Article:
Consider two friends who both decide to make lifestyle changes together to lower their high blood pressure and cholesterol. Part of their common goal is to lose some body fat and to hold one another accountable, they eat almost identical meals and exercise together for a year. One loses 30 pounds, but the other only manages to shed 10.
Aside from feeling bitter, Friend Two is left confused and frustrated — he did all the “right” things, after all. But it could be that an invisible force is at play: his genes.
What’s new — A large new genetics study published Thursday in the journal Science makes that force a little less invisible, however. In the paper, researchers identify 16 genes that have rare variants implicated in weight gain — some of which have never been linked to obesity before. One of these, in particular, holds promise as a target for future drugs to treat obesity.
The study’s findings are based on the genetic analysis on 645,626 people living in the U.S., U.K., and Mexico.
“We’re really excited to... understand these new biological pathways that had not been linked to obesity before, and try to see how it may be modified to help people who struggle to maintain a healthy weight do that better,” geneticist Luca Lotta tells Inverse. Lotta is the senior author of the study and executive director of research into cardiovascular, metabolic, and skeletal human genetics at the Regeneron Genetics Center, which is funded by pharmaceutical company Regeneron.
Here’s the background — “Obesity” as a concept is complex, both in terms of medicine and culture. As a condition, obesity is influenced by societal and environmental factors — the availability of super-processed, high-calorie foods as opposed to a relative lack, the large-scale decline in physical activity. But it is also to do with factors out of individuals’ control, like the genes they have inherited, and the gene mutations they are born with.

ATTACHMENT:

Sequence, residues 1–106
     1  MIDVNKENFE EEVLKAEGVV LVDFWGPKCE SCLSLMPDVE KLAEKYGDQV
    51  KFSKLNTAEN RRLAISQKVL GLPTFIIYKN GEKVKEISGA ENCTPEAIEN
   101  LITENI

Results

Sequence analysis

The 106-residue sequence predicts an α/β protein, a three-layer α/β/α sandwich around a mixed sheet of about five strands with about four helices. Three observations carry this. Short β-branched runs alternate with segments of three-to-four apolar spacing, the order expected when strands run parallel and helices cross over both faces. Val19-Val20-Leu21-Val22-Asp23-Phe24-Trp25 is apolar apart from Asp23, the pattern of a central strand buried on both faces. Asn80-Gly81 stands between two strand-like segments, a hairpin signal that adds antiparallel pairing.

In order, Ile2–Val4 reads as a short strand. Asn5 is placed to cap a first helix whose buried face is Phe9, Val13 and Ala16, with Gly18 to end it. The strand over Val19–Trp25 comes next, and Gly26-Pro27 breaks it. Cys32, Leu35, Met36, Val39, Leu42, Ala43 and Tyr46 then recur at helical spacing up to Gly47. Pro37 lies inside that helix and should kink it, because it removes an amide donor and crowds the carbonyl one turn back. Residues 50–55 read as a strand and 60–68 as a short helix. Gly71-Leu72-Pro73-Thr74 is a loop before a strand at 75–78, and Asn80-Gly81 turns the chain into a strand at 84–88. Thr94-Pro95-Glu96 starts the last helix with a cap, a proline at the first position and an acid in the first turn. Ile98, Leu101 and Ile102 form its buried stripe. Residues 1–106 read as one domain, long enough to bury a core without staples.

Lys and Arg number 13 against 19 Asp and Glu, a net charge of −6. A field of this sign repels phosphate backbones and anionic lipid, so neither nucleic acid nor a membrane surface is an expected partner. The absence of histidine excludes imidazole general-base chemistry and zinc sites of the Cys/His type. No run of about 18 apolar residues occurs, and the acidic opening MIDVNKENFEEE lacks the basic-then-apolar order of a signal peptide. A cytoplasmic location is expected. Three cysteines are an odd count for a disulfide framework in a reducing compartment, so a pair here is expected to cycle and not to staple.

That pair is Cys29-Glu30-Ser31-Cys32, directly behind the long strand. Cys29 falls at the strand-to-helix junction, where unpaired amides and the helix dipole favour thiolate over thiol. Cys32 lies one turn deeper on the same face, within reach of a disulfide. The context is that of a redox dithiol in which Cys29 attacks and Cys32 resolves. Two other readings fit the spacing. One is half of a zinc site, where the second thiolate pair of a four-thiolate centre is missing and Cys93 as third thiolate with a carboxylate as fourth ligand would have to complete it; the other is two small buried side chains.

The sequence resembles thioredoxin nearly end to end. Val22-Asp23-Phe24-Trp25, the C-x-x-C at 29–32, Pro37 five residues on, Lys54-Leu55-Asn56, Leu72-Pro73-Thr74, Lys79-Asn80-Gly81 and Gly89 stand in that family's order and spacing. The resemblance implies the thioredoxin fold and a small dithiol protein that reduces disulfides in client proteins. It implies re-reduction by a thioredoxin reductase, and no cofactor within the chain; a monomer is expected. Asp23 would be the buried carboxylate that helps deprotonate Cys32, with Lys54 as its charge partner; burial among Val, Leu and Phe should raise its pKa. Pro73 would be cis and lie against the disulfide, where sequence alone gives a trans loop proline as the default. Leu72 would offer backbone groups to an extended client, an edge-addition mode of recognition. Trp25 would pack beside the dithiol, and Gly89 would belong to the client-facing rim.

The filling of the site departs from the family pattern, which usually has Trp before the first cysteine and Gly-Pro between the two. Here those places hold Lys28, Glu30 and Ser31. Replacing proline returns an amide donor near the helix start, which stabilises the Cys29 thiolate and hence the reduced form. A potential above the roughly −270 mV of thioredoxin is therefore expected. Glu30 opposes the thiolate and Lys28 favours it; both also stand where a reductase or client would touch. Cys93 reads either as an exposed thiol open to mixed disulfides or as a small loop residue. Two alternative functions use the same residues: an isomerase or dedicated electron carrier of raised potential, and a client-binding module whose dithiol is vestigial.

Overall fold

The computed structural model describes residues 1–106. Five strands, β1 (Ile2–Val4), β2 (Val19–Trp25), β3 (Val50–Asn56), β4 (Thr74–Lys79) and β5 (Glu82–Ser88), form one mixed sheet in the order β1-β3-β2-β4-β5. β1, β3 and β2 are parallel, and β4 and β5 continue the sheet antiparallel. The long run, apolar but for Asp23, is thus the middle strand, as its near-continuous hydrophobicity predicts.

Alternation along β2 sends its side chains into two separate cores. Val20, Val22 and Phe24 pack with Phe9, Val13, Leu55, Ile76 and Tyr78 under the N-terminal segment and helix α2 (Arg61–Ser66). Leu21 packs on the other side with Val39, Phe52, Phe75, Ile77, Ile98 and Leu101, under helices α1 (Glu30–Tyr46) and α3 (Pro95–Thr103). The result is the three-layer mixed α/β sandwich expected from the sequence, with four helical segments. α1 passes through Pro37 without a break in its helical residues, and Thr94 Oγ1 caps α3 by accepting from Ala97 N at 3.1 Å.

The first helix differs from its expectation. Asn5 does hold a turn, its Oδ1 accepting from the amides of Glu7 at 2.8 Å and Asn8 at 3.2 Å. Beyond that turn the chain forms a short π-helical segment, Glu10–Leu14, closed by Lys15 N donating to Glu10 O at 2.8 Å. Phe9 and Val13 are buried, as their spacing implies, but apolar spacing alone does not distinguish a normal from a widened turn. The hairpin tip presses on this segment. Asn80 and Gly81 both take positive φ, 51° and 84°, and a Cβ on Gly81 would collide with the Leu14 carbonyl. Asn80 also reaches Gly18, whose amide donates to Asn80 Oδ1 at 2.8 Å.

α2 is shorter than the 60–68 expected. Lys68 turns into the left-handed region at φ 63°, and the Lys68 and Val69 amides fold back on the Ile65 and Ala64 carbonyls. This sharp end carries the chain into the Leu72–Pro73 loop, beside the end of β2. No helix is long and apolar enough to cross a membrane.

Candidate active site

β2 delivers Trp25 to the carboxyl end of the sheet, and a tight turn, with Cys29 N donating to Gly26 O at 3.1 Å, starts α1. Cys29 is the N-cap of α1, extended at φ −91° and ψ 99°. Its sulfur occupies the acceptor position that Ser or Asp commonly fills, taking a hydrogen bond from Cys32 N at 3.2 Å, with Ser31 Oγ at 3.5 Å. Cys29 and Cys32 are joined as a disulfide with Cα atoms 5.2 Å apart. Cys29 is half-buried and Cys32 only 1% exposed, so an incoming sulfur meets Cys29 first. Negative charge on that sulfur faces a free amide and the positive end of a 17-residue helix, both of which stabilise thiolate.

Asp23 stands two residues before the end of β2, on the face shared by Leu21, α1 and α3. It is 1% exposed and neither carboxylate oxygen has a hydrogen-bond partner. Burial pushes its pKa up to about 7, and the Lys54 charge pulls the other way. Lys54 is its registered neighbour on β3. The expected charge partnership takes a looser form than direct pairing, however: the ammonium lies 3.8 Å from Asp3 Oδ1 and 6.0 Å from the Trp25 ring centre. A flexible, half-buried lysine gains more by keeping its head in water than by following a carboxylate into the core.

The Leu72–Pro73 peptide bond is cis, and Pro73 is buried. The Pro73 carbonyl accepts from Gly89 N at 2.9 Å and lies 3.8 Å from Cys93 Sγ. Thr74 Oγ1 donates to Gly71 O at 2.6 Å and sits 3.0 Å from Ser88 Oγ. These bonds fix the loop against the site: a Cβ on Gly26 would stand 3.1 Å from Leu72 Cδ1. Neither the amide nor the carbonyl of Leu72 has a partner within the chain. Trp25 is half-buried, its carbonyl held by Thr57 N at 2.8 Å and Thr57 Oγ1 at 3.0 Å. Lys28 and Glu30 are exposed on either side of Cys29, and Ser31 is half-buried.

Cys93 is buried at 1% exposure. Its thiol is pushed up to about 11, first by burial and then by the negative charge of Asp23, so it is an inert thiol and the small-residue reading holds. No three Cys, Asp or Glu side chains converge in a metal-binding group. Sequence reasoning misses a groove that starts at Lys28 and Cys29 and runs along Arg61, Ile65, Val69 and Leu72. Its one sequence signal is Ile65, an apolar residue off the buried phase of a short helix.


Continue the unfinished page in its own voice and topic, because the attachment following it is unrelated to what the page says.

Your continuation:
In the past, researchers studied the genetics of obesity largely by looking at families where multiple generations appeared to inherit “early-onset” obesity to try and more recently, via larger genome-wide association studies, which use large genetic datasets of the general population to try identify the commonly occurring genetic variants that both make us who we are and play a role in our weight.
“These genetic variations have to be common, they’re not mutations, you and I are going to be packed full of them,” Giles Yeo tells Inverse. Yeo co-wrote a perspective article, also published in Science, on the new study and is a principal research associate in the Department of Clinical Biochemistry at Cambridge University.
Humans have about 3 billion base pairs — which are the building blocks of genes — and only a few million gene variants account for the differences from person to person, Yeo says. These “common variants,” Yeo explains, are often “non-coding,” which means that they don’t provide the blueprints for the proteins that essentially instruct cells in the body what to do. But they can influence a person’s characteristics, including their weight.
Digging into the details — In this study the researchers took a different approach. They use a technique that essentially lets them zoom in only on the part of the genome associated with making proteins, which scientists call the exome.
By doing this kind of targeted analysis, they were able to pick out “rare variants” — differences or mutations in genes that are not common to the general population — within the exome.
Because the study involved analysis of hundreds of thousands of participants, the sheer size allows for a higher degree of accuracy in picking out which of these rare variants that, when statistically analyzed alongside BMI, may be variants with “large phenotypic impact” — that is, a real influence on weight and weight gain.
They identified 16 such variants using the technique.
To try and confirm the findings, the scientists tested one of the variants in mice. This variant encodes for a protein receptor called GPR75 — by tweaking the mice’s genes, they then compared mice with and without the variant as they followed a high-fat diet designed to make them gain weight.